This song is about feeling alienated while growing up and it carries a message that things will get better after High School. Janis sings about the social struggles of the downtrodden high school student, reflecting on the chasm between “beauty queens” and “ugly ducklings”. The pressures of complicated reputations, unrequited crushes and clique clashes that almost everyone encounters during their youth is transformed into poetry, as she mentions “ravaged faces” versus those with “clears skinned smiles”. The song says that being popular will not solve all your problems. It is a story about a girl who doesn’t consider herself to be very pretty and she is bitter at the beautiful girls who are out on dates with the football stars. This girl who’s not so popular describes her experiences at age seventeen. This song stereotypes love and romance to be only for beautiful girls in social groups, and those who see themselves as ugly will need to “invent lovers on the phone”, so they can enjoy their fantasies that will never come true and they will have to live off of that, since they aren’t beautiful enough for real romance. It’s about those awkward teenage years when you have so much self-doubt that you are desperately trying to fit in and become popular and you always compare yourself to beautiful rich girls and feel like a nobody.
Beauty is superficial and understanding that sometimes the beautiful people will choose goods looks and money over true love. This song became a rubric for any teenager who felt like they didn’t fit an accepted ideal of beauty and they had to be alone and unloved, and they were able to find wisdom in the words of Janis who was an outsider to give them dreams and help them to compensate. The beauty queens marry young, probably to a rich man who she isn’t in love with just for financial security start their families, and fall into roles defined by the expectations of their families and community. Those who are less popular think she has an ideal life and they envy it, and Janis says that there is nothing wrong with being envious as most likely this girl isn’t going to get far in life because she needs to rely on the rich man that she married. People are constantly trying to fit in and have perfect hair, clear skin and the latest fashion, but the most important thing in life is being true to yourself. After high school popularity is nothing as you are basically starting a new life on whatever path you take, which in most cases doesn’t involve your friends or trying to impress people.
All girls make tradeoffs in search of happiness. The ugly ducklings will regret not experiencing the security and social acceptance that came so effortlessly to the beauty queens. Eventually these beauty queens will age and no longer fit the ideal of beauty and then they will regret their lack of independence, but ugly ducklings can grow into beautiful swans.
This song ‘At Seventeen’ was a revelation for Janis Ian and she said it taught her so much, as she learned that even cheerleaders and captains of football teams have a hard time. The beautiful girls had a whole different set of problems that she never knew. Janis always thought it was easy for guys, but she never was able to walk in their shoes, however her notion of guys was that they were the ones who got to ask girls out for dates and she never considered that they’re also the ones who have to face the rejection when they’re turned down and become humiliated.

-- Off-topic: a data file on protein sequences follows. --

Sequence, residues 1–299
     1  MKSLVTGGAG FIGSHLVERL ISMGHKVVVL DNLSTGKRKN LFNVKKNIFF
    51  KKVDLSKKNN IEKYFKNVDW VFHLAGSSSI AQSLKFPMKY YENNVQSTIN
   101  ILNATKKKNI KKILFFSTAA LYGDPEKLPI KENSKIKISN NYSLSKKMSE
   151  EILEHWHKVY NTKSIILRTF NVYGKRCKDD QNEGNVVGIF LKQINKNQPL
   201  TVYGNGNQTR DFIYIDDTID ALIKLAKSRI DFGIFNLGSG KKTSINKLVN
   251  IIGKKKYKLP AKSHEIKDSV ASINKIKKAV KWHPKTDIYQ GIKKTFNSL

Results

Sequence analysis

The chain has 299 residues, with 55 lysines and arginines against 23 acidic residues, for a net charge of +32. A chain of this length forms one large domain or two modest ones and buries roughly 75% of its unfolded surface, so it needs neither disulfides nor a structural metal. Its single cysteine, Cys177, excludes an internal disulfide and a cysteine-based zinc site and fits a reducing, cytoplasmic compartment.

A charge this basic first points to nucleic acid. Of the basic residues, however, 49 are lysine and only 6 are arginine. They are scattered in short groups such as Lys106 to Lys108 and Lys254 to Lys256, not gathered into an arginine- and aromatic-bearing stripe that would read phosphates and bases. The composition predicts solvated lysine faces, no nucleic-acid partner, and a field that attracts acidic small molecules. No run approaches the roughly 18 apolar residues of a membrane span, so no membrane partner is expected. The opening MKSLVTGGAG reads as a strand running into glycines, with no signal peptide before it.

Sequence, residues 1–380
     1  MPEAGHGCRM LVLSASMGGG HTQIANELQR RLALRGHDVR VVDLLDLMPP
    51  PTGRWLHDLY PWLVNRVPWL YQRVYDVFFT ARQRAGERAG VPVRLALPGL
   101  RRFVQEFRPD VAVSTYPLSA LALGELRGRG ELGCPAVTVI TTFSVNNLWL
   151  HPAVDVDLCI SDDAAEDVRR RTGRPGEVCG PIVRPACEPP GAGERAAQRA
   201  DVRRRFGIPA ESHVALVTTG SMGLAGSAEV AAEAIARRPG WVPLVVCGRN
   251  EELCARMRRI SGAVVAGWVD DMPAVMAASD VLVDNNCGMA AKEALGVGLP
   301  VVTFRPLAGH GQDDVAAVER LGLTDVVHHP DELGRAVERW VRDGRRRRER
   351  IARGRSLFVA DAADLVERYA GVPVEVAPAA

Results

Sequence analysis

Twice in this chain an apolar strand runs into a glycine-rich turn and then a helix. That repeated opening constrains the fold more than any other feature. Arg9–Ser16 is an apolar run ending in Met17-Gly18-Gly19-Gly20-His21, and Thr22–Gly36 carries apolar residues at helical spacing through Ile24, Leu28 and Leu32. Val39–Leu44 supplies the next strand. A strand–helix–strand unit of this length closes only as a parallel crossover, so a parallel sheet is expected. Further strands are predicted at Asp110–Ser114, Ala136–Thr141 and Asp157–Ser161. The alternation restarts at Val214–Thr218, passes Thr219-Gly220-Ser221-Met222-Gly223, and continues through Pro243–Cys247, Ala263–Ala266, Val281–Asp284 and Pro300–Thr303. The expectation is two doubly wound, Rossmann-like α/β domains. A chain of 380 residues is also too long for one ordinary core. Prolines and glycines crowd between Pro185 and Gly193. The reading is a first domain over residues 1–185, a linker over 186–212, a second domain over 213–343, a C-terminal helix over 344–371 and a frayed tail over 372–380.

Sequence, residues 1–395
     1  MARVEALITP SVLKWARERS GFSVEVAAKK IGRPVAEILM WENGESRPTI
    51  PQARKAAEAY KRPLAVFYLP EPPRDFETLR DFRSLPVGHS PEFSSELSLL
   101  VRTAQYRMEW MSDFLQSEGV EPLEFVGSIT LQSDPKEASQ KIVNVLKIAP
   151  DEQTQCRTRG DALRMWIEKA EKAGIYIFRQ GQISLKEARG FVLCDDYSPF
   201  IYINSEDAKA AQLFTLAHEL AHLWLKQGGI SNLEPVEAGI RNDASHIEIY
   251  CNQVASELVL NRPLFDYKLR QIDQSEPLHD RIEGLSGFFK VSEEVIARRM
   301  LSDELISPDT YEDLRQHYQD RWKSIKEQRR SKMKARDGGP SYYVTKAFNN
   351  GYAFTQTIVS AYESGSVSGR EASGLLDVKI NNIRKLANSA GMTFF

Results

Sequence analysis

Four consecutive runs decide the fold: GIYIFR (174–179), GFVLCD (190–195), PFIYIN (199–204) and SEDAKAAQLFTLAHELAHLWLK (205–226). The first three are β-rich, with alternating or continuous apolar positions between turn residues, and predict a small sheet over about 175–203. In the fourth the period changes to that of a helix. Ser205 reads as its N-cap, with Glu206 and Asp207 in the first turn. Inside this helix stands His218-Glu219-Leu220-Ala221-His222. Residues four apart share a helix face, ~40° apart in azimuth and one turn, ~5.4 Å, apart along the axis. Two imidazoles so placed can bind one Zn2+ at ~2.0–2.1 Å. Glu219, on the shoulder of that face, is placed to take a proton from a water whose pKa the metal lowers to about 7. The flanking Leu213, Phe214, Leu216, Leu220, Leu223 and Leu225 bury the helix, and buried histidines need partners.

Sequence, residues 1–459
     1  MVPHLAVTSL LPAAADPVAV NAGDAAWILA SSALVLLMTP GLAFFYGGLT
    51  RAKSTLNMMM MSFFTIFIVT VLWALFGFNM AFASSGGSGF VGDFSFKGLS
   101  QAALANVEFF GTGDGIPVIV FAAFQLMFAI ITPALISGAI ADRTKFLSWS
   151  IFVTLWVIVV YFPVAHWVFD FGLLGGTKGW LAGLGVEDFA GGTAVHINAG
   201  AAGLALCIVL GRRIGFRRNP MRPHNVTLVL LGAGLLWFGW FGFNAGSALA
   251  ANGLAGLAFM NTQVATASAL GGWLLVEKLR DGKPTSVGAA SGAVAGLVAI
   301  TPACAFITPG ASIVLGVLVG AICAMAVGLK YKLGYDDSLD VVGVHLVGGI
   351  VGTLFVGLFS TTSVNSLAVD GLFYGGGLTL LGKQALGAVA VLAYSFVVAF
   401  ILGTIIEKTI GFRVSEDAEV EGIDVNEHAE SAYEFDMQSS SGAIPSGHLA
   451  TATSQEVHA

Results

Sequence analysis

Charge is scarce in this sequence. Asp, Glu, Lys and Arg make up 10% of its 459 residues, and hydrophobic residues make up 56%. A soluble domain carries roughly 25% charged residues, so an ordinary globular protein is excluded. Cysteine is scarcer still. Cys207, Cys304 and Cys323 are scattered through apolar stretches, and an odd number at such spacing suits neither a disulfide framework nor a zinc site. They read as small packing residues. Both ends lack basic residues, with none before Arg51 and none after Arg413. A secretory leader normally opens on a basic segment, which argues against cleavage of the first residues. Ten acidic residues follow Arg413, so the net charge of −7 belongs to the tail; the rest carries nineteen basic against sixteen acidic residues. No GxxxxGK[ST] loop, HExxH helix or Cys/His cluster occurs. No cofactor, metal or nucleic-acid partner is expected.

Janis said that it was a very tense recording session and she kicked the lead guitarist out of the session because he wasn’t trying very hard to capture the feel of the song, replacing him with a young kid who was “so scared you could smell his sweat across the room.’ This made the other musicians pay attention, and helped capture the feeling of confusion and adolescence that Janis was going for. It was the first time she felt like she had written a hit. The melody sounded so familiar, she worried that she might have inadvertently lifted it from another song, so she called three of her musician friends, sang it and said, “Have you heard this before?” They all said no.
Her manager told her that she was ruining her chances of getting this song produced, because it was over three minutes long. But it was a great session and they finished what they thought was a killer take, then they realized that the ending wasn’t as strong as the beginning, so they did another and spliced its ending on to the previous take.
Ian said that she knew that she was gay at the age of nine and in the 70’s she started living with another woman. Ian married Portuguese filmmaker Tino Sargo the former boyfriend of her first girlfriend in 1978, but they divorced in 1983. In 1993, Ian came out publicly as a self-identified lesbian and in 2003 she married her partner Patricia Snyder in Toronto. Janis Ian filed suit against a New York-based record company alleging a violation of copyright infringement related to two decades-old live recordings that were made when she played at the Bottom Line.
I learned the truth at seventeen
That love was meant for beauty queens
And high school girls with clear skinned smiles
Who married young and then retired
The valentines I never knew
The Friday night charades of youth
Were spent on one more beautiful
At seventeen I learned the truth
And those of us with ravaged faces
Lacking in the social graces
Desperately remained at home
Inventing lovers on the phone
Who called to say – come dance with me
And murmured vague obscenities
It isn’t all it seems at seventeen
A brown eyed girl in hand me downs
Whose name I never could pronounce
Said – pity please the ones who serve
They only get what they deserve
The rich relationed hometown queen
Marries into what she needs
With a guarantee of company
And haven for the elderly
So remember those who win the game
Lose the love they sought to gain
In debentures of quality and dubious integrity
Their small-town eyes will gape at you
In dull surprise when payment due
Exceeds accounts received at seventeen
To those of us who knew the pain
Of valentines that never came
And those whose names were never called
When choosing sides for basketball
It was long ago and far away
The world was younger than today
When dreams were all they gave for free
To ugly duckling girls like me
We all play the game, and when we dare
We cheat ourselves at solitaire
Inventing lovers on the phone
Repenting other lives unknown
That call and say – come on, dance with me
And murmur vague obscenities
At ugly girls like me, at seventeen
Written for Fandango’s Friday Flashback.